Alliant Energy Corporation : Despite battles, solar energy growing in Iowa

Over the next year, the state will be developing a simplified process to integrate photovoltaics technology across Iowa.

Solar power is happening in the state of Iowa. Anyone noticed the installers on rooftops bolting down record rates of solar modules? Look up.


It's happening. And since our state is building a sustainable solar market, the Iowa Department of Economic Development just recently received a $1.03 million Department of Energy grant to expand the adoption of solar.

Over the next year, the state will be developing a simplified process to integrate photovoltaics technology across Iowa. Photovoltaics is a method of generating electrical power by converting solar radiation into direct current electricity using semiconductors. The program structure provides access for every Iowan to be involved in this exciting technology and investment. Just after this announcement, the Iowa Utilities Board agreed - at the request of Alliant Energy - to lower its energy efficiency goals and completely eliminate its Solar Rewards program that has flourished the past three years. This program allowed Alliant Energy's customers to use their own money in rebate incentives to save money, procure clean energy and create homegrown jobs.

The growth rate of the Iowa solar industry is compounding annually. We should increase funding to a growth market in our communities, not remove it. Solar adoption in the U.S. is battling on many fronts. Recently, the American Legislative Exchange Council has started the argument that solar energy producers are "free riders" of the grid system. The legislative exchange council fails to mention that customers pay for grid infrastructure and the $10,000 to $50,000 or even $1 million solar investment made by the customer increases grid stability, grid efficiency and energy security. No one can take away the sun. The "free riders" have been utilities with public guaranteed rates of return on power investments and a monopolized energy market the past 100 years.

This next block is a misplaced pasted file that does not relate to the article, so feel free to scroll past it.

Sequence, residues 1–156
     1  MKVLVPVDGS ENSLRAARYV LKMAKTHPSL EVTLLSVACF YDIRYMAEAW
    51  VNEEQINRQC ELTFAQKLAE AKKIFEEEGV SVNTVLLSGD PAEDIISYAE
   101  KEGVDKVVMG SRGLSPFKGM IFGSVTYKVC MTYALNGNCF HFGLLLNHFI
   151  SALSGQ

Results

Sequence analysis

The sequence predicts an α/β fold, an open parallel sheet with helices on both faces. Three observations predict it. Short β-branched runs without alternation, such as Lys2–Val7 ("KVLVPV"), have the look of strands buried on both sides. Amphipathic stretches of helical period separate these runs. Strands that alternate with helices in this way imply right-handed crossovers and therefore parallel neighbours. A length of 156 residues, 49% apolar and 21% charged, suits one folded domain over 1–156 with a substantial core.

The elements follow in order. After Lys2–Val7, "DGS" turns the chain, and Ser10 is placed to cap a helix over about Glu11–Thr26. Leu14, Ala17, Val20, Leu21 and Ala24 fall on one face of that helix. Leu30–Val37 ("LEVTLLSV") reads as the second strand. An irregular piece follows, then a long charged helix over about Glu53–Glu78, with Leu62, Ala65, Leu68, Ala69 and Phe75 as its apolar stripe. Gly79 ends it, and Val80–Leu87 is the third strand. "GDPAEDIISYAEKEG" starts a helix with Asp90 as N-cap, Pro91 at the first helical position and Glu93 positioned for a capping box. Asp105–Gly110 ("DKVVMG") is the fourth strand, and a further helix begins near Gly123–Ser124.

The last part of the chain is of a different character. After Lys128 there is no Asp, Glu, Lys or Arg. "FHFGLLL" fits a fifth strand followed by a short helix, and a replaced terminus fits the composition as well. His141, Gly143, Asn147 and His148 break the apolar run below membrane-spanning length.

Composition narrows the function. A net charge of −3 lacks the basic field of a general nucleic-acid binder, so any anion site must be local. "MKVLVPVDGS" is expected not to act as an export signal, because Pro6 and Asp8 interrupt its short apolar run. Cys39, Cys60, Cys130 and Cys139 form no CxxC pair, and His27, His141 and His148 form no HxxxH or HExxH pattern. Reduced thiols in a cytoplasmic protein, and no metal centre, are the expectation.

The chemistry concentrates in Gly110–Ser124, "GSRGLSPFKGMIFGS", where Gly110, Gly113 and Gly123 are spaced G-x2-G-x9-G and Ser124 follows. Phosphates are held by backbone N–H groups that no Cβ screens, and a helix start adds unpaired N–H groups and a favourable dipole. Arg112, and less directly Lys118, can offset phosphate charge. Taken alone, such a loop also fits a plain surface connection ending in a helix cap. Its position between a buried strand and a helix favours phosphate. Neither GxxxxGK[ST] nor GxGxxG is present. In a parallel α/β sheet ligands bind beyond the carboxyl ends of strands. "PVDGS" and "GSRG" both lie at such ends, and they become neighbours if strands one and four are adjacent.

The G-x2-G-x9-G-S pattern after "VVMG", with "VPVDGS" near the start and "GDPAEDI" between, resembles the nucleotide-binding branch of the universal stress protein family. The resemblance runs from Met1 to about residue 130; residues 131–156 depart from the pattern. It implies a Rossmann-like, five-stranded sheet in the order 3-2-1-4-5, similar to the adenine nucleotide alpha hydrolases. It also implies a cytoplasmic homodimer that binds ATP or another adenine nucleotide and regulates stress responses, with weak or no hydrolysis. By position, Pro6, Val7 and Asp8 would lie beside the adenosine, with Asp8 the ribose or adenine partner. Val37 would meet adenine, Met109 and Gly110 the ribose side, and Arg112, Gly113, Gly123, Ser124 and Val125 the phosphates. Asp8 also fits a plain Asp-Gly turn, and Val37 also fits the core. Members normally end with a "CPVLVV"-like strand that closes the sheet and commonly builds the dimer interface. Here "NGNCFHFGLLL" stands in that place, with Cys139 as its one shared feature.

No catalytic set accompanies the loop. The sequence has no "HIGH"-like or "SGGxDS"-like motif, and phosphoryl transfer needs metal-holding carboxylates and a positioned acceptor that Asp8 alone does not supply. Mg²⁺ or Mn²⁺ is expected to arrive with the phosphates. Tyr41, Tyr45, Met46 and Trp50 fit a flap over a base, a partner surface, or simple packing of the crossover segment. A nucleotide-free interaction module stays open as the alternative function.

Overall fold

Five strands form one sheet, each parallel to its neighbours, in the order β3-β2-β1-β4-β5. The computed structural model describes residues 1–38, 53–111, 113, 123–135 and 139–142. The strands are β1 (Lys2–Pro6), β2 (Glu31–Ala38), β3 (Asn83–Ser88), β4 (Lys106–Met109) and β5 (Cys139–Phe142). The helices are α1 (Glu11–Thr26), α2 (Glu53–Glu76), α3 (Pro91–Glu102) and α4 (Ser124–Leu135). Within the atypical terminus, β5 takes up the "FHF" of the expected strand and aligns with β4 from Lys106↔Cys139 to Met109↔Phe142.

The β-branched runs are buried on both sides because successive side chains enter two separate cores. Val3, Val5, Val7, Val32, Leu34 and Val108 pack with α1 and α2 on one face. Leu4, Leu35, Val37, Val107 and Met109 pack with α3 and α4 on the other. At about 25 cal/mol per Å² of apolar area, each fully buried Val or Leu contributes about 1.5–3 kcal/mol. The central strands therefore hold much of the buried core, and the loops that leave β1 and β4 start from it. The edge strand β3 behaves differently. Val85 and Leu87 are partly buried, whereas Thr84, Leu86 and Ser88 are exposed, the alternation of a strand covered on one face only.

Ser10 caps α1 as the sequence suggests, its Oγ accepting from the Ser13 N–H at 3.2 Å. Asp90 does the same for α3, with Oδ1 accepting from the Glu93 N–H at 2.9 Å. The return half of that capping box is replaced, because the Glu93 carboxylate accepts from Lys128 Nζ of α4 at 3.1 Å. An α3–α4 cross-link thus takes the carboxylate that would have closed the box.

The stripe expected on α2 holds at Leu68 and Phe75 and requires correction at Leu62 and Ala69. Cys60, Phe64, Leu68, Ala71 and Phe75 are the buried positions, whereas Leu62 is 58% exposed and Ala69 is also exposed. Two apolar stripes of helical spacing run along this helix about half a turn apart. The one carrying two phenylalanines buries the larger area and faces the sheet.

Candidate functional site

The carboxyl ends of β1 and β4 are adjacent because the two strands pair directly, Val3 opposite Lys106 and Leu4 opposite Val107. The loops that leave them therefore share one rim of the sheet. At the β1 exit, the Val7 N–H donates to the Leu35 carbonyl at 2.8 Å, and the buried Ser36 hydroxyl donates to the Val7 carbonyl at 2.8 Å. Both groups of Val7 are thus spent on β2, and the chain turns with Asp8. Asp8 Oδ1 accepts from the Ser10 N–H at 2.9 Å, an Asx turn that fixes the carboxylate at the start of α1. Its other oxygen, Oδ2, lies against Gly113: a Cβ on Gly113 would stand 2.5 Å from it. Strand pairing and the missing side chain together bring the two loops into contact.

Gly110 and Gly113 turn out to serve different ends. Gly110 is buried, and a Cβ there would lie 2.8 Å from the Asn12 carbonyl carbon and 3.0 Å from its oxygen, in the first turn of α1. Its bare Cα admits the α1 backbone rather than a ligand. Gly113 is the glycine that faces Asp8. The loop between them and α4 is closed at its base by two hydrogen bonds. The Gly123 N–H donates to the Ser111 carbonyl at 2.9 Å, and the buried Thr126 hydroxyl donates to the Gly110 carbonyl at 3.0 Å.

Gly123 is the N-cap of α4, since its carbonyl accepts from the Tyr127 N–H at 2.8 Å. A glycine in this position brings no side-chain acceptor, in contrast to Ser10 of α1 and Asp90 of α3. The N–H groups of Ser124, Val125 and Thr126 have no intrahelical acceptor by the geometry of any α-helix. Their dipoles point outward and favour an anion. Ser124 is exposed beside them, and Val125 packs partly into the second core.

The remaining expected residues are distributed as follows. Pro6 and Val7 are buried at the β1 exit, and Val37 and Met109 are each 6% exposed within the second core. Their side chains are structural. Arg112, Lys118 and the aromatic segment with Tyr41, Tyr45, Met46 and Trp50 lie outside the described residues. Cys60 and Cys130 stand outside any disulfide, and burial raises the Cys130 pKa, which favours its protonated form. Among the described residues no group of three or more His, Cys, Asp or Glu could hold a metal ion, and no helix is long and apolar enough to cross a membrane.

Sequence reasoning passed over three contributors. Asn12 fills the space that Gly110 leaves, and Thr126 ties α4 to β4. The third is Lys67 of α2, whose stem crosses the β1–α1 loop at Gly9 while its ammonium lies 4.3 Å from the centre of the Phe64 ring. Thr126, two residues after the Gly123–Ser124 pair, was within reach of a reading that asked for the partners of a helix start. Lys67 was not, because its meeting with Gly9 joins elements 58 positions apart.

When a customer has no other choice for a product/service and is limited to one provider of that product/service, who then has a "free ride"?

Times are changing and rapidly. At the national level, the United States set a new record for solar installations in a quarter, 930 mega-watts. That's one interconnection every four minutes. This is equivalent to the size of a nuclear reactor that takes years to build. Solar is doing it in three months, and we're just at the starting line. The U.S. might out-install the world leader, Germany, in 2013.

One of Iowa's rural electric cooperatives in Kalona, Farmer Electric, just signed the state's first Power Purchase Agreement with a third-party solar developer. We have a local REC utility investing in the benefits and opportunities of solar power. Monumental.

Iowa wants solar. Just this past year, Gov. Terry Branstad and the state Legislature passed a law that allows the Iowa taxpayer a tax credit for installing solar technology - creating jobs, investment opportunities, savings and increasing Iowa's tax base. Solar is a resource that's clean, secure, robust and a massive economic engine.

So here's what we say at the Iowa Solar Energy Trade Association: Join the quest for photovoltaics. It's coming to a rooftop near you. A building, a barn, a school, a church or 10 acres of megawatts by a farmer selling a kilowatt commodity just like corn, hogs or soybeans. Solar is bankable, and when all Americans realize they too can join the energy markets, it will happen faster than I learned to pronounce "photovoltaics."

Dwight is the president of Iowa Solar Energy Trade Association. The group's website is www.iowaseta.org

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